SF: The best thing about my job is that I'm helping women. I can understand the anxiety that they're going through and I can help them through a very anxiety provoking time. And it's very rewarding knowing that although there can be times of stress and the exam itself is a little uncomfortable, the vast majority of patients do extremely well.
MT: What is the worst thing about your job?
SF: The worst thing about my job honestly is telling people that they've got breast cancer. It's not fun to do, but I do feel that I can do it in such a way that can be comforting for patients. And so although it's a hard conversation to have and patients don't want to hear that answer, I'm in a position where I can help them significantly.
MT: Thank you for that piece of information. Now, when women do a self-exam, what should they be doing?
SF: It's important to understand the landscape of your breast. So the texture of the breast can change from month to month. So once you get to understand what your breast feels like, if there's a change in your breast that has occurred longer than a month then we definitely recommend that you come in. And the change could be either a lump or skin thickening or dimpling or nipple discharge. So those are all important features to look for when you're examining your breasts.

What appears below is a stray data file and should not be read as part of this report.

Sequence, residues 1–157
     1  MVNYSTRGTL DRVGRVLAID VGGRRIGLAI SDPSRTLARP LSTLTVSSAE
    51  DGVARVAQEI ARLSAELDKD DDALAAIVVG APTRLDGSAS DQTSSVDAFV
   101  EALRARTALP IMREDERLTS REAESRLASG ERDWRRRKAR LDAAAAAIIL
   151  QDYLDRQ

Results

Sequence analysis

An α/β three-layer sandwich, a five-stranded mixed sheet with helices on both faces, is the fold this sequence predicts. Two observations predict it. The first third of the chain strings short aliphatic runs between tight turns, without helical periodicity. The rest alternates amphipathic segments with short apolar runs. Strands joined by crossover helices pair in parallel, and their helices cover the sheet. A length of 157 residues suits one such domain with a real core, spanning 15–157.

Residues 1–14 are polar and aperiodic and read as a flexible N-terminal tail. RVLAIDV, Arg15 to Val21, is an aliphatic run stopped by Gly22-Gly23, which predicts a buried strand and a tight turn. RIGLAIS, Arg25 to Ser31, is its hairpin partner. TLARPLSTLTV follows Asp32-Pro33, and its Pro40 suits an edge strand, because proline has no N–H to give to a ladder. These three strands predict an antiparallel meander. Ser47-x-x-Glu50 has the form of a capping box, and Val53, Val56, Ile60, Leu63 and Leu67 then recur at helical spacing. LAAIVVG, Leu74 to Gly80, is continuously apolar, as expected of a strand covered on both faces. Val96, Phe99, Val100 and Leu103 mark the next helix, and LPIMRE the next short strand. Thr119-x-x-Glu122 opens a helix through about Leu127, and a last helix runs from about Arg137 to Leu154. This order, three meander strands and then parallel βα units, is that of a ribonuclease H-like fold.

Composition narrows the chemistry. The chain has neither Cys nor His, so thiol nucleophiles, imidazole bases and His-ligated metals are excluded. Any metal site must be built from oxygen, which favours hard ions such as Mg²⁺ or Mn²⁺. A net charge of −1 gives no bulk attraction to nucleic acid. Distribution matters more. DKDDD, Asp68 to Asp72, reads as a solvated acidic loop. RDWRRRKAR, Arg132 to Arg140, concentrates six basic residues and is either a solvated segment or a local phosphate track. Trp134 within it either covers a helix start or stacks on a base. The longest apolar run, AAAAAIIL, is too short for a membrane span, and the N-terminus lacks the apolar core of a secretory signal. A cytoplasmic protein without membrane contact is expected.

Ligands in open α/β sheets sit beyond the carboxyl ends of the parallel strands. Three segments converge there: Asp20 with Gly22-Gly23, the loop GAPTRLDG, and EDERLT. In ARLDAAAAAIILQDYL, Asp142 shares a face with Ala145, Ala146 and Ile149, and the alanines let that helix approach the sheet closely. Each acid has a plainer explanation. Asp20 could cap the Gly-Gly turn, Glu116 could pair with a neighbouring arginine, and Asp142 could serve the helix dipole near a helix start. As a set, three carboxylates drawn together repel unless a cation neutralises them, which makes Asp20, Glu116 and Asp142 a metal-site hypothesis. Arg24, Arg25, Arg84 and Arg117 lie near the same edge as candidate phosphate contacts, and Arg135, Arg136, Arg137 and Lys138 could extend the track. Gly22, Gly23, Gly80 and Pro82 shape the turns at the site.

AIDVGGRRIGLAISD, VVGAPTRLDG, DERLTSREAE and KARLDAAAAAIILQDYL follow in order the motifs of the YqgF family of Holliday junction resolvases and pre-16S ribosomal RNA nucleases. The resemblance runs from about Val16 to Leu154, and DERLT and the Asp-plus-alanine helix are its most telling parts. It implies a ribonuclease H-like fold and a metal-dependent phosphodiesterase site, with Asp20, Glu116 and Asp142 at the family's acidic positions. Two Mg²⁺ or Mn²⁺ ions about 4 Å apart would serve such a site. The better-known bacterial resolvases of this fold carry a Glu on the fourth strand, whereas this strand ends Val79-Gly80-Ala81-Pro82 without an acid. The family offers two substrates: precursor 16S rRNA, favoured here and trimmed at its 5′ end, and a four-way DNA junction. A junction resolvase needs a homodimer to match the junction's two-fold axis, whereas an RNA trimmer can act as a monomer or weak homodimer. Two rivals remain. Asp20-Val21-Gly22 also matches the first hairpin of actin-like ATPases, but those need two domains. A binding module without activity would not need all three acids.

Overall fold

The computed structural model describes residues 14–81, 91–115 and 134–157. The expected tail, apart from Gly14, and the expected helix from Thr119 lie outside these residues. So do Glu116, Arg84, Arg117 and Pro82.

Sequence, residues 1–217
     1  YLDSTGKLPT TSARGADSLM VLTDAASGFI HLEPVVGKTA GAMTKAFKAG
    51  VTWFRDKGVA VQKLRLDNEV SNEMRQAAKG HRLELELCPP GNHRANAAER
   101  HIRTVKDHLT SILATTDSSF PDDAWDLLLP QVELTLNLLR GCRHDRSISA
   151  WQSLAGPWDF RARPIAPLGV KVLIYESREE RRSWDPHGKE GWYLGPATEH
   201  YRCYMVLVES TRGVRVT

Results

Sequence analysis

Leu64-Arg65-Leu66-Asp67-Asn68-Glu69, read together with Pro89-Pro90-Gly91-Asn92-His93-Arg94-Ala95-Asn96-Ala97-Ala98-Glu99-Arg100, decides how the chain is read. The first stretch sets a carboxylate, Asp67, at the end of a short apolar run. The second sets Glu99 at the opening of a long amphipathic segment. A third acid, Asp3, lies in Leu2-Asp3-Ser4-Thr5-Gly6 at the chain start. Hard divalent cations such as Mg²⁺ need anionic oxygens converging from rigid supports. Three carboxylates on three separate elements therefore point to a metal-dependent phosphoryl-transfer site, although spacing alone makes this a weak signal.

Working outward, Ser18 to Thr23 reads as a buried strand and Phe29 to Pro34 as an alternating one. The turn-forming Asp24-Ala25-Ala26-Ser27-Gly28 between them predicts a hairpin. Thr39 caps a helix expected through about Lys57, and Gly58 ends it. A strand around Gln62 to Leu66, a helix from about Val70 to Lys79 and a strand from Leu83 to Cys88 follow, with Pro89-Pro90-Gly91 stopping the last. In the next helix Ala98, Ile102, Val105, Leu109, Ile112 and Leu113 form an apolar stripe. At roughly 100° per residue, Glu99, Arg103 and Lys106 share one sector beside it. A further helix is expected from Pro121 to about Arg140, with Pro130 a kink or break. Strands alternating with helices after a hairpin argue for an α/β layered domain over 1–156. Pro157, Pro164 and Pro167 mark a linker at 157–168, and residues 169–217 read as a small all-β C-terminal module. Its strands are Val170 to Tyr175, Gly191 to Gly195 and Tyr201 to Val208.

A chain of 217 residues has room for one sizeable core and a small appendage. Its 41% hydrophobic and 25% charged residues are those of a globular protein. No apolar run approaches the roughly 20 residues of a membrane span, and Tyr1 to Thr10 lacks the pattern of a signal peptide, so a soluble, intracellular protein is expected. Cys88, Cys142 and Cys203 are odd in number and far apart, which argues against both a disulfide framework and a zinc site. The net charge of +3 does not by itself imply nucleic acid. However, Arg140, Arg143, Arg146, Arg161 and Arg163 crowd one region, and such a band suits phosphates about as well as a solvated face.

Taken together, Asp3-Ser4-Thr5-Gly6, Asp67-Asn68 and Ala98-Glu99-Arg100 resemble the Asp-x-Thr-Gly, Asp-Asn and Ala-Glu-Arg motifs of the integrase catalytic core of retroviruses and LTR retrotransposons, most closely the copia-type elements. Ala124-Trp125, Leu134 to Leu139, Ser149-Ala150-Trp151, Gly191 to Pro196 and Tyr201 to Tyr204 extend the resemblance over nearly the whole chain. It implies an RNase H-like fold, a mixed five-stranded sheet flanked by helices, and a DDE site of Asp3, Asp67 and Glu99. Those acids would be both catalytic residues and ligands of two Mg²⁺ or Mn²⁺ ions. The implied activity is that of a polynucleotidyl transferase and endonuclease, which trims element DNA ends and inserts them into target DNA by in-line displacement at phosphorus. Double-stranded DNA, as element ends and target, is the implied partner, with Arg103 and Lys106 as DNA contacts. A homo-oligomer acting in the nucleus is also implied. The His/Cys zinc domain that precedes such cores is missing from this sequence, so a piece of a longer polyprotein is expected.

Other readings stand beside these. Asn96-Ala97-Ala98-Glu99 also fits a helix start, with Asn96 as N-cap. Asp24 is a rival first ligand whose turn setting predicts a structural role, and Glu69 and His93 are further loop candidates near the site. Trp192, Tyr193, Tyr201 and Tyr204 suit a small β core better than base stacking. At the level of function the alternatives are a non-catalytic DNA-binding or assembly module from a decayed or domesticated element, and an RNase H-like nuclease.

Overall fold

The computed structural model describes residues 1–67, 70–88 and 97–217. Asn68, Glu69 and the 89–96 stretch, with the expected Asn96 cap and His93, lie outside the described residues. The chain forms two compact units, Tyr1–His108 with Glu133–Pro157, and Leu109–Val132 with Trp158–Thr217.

MT: Now, who should get mammograms?
SF: Every woman aged 40 and older should get annual mammograms. It's the best way to detect breast cancer that we currently have and has been shown to save lives so it's very, very important.
MT: Now, what are dense breasts?
SF: Dense breasts are a discussion about the contents of the breast. So women who have dense breasts have more of the fibrous and glandular tissue in their breast relative to fat, whereas women who have fattier breasts have less of those elements. And what makes it difficult for the radiologists, the ones reading the mammogram is that the dense breast tissue can hide a breast cancer, so we find it more challenging to find breast cancer in women who have dense breasts.
MT: Now, what is the difference between a 2D and a 3D mammogram?
SF: Historically, is the standard of care for breast imaging to detect breast cancer. We now have 3D mammography, which is largely replacing 2D mammography, and we are able to see through that breast tissue a little bit more easily. I use the analogy of pages in a book. So if you have a book, that is a 2D book, you can only see the front cover, but with a 3D mammogram, it's similar to opening up the book and paging through the breast page by page so you can see what's inside.